Because old habits die hard, right?

Published On: May 25, 2024 08:35 AM NPT By: Ashansa Mulmi

Ashansa Mulmi

Ashansa Mulmi

Ashansa Mulmi is a researcher at Samriddhi Foundation, an economic policy think tank based in Kathmandu. The views expressed in this article are the author’s own and do not represent the views of the organization. ashansa@samriddhi.org

In a move aimed at ensuring access to quality education while curbing exorbitant fees, the Ministry of Education, Science, and Technology in Nepal has issued a circular mandating local authorities to regulate the fee determination of private schools as per the Education regulations, 2059. This shift raises concerns about its implications on the quality of education, market dynamics, and the autonomy of private educational institutions, eventually questioning the potential repercussions on the welfare of students and the sustainability of private schools.

While the government’s intentions may be good, the consequences of such interventions require careful considerations. Fee caps risk prompting schools to seek alternative revenue streams to cover costs, potentially compromising the welfare of students. With fees capped, schools may resort to cost-cutting measures that could lead to a decline in the quality of education or even the closure of institutions. This outcome directly contradicts the goal of increasing enrollment and improving literacy rates.

Proponents of market-driven pricing argue that government intervention undermines the core principles of economics, where prices are determined by supply and demand forces. By eliminating competition among schools to set fees, regulatory measures may diminish the autonomy and competitive edge of private institutions.

Furthermore, it can be argued that the quality of education should dictate the pricing in private schools. If a school offers exceptional quality education, individuals would be willing to pay higher fees, which is the reality. This approach incentivizes private schools to invest in facilities and resources to maintain their competitive advantage. Conversely, schools providing substandard education would naturally face declining enrollment and be compelled to improve their standards or risk shutdown. In the same manner, families that can afford private institutions, always have the choice to change schools for their children when they are dissatisfied with the current school. It is important to recognize the high bargaining power of parents; if they are unhappy with the fee increase, they are free to seek alternatives. With this in mind, when schools decide to increase fees, they do it systematically to avoid the risk of reduced enrollment, which is not their desired outcome.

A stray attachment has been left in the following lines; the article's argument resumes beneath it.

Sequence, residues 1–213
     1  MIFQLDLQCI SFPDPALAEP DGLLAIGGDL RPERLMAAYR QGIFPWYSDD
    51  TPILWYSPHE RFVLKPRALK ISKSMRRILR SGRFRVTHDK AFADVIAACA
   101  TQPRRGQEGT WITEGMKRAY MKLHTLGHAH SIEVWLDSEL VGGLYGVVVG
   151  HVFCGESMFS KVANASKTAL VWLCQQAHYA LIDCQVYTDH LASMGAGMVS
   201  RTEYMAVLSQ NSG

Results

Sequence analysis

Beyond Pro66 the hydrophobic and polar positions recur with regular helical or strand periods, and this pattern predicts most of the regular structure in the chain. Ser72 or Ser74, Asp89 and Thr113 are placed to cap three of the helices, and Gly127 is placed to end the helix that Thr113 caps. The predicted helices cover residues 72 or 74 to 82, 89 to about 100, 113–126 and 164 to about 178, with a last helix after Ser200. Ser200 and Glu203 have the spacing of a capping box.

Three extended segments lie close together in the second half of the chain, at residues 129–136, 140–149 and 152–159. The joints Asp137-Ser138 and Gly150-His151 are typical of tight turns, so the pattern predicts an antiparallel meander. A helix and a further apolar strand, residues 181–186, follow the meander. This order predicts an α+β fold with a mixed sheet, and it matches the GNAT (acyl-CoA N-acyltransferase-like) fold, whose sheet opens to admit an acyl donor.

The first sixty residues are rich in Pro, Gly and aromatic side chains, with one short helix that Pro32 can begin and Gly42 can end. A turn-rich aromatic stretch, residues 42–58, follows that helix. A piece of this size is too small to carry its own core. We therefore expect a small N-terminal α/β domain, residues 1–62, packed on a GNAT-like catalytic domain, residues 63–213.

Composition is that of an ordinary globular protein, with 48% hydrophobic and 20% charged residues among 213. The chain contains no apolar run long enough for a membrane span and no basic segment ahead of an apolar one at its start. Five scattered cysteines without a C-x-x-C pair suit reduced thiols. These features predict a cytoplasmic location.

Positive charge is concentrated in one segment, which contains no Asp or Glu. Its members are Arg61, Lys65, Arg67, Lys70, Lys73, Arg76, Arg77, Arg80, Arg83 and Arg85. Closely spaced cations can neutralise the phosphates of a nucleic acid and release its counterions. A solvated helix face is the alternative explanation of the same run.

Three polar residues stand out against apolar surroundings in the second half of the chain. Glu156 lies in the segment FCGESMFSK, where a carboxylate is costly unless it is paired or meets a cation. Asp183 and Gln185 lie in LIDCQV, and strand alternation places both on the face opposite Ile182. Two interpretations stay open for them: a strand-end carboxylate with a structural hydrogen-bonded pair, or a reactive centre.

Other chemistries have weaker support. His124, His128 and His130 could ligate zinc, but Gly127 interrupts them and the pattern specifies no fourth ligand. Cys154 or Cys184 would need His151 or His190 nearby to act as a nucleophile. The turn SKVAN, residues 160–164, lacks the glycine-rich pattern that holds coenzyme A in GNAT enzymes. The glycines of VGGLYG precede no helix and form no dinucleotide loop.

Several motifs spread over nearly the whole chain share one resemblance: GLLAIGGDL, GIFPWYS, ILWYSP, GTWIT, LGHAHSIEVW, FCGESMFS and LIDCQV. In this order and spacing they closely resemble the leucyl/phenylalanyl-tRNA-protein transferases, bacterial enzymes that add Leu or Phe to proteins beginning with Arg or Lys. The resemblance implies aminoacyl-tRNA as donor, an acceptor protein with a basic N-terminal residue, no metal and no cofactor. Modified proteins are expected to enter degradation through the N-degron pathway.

Critical questions now arise - Will lower fees result in reduced salaries or job insecurity for teachers? How will then the government ensure fair compensation for teachers and sustainability for schools while balancing affordability for students? Additionally, how can the government ensure that private schools uphold their current educational standards and regulatory standards (such as infrastructure maintenance) despite fee limitations? Further, how will the local government set a common fee ceiling if essential considerations such as cost differentiation due to geographical locations, and continuous increase of market inflation, are not factored in for each and every institution? Moreover, has this circular been issued after assessing the extent of parental opposition to fee increases? And are all parents ready to accept lower facilities for a lower fee?